Sal Syed, CEO and co-founder of Arccos Golf has seen his company grow quickly since launching in 2014, and its technology is changing the way golfers approach the game.
Arccos’ GPS-based hardware and software seamlessly captures a player’s performance data in real time, then uses advanced analytics and Artificial Intelligence to help them make smarter decisions and shoot lower scores.
Chief Executive spoke with Syed about building his team when launching the company, managing rapid growth within his organization and how he handles partnerships with tech giants including Mircosoft. Here’s what he had to say:
Q: How did you identify and recruit the best possible people to help bring your company to life?
A: The first thing, especially for the early employees, I would look at is, “Am I going to learn from them?” And if they were the other way around, “Would I want them to be my boss?” And that answered so many different questions and it crystallizes everything in your head on whether that’s the right person or not. And you only get to that answer once you’ve spent time with them, spent time talking about it. If I go a little bit deeper, I would look for if they’d buy in to the vision and the mission that we want to do, which is to connect, and track, and record, and analyze every single golf shot that’s taken on the planet. I would say, “It all starts with the belief and passion that this is something which sounds absurd and impossible, we’re going to make happen.” So, in a start-up, you need a little bit of positive irrationality.
“We want to make our partner successful and then we want to make sure that the way the partnership is structured also helps Arccos.”
I mean, it’s not a rational decision to start a company or go join a super early start-up unless there’s a little bit of madness and passion in you. So I look for that. And then, of course, I look for the ability and the creativity to solve problems. So I ask people, what are the hardest problems they’ve solved in the past. I look at how much risk can somebody stomach, how much is somebody willing to take, and that past life or past history is, generally, a good indicator of how much risk somebody is going to take. So you have to solve hard problems, but you also have to stick with them. The only way you solve them is to stick with them.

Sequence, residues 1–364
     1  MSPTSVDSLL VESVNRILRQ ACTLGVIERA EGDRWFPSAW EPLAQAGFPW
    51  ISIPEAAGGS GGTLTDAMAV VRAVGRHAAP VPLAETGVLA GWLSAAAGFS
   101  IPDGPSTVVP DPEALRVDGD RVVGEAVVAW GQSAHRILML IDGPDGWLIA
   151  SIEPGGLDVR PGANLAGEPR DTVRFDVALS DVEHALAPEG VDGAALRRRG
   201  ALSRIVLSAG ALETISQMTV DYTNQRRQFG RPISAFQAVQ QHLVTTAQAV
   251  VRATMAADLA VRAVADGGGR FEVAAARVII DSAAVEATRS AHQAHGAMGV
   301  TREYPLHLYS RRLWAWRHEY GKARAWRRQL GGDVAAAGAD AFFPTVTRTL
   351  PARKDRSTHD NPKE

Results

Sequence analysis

Q: What were some of the things you’ve learned from a leadership standpoint in terms of managing growth?
A: I would say number one, I’ve had a really helpful and experienced board around me. And so getting that guidance has been really, really important, because they are people who’ve seen how teams have grown and how to think about org structure and the needs of the company, and anticipate them before it’s too late. You don’t want to hire too early, but you also don’t want to hire when it’s too late. So it’s a fine line. And we’ve learned lessons along the way for sure, but tapping into other people’s experience has been huge—certainly, my board members.
And then I’ve been fortunate enough to be invited to join the Young Presidents’ Organization, YPO. And so I would say my forum mates over there, who are other young CEOs, it’s been really, really helpful talking to other people.
Q: Arccos has partnered with Microsoft and other big tech players. Tell me about nurturing those partnerships and building them from the ground up.
A: Number one, it starts with perspective taking. I think any successful partnership starts with understanding what your partner’s, or potential partner’s needs are, not what your needs are. So I think a lot of times people make the mistake of thinking, “This is what I want. Let me figure out a way to fit it into their mission, or their vision.” And I would say, if you look at it the other way, like, “Okay. What is Microsoft trying to do? What are their key objectives? How can Arccos help there? And in the ways that Arccos can help, do they align with what Arccos wants to do?” And I would say if you invert that, that’s the way to think about it. That’s how we go about it. We want to make our partner successful and then we want to make sure that the way the partnership is structured also helps Arccos. But I would say partners come first. And that mindset helps us get to a point where it’s beneficial for both parties and equally, or mutually beneficial. And it’s not a one-sided deal where we’re getting in there, only for our benefit. And I think, to me, that’s key.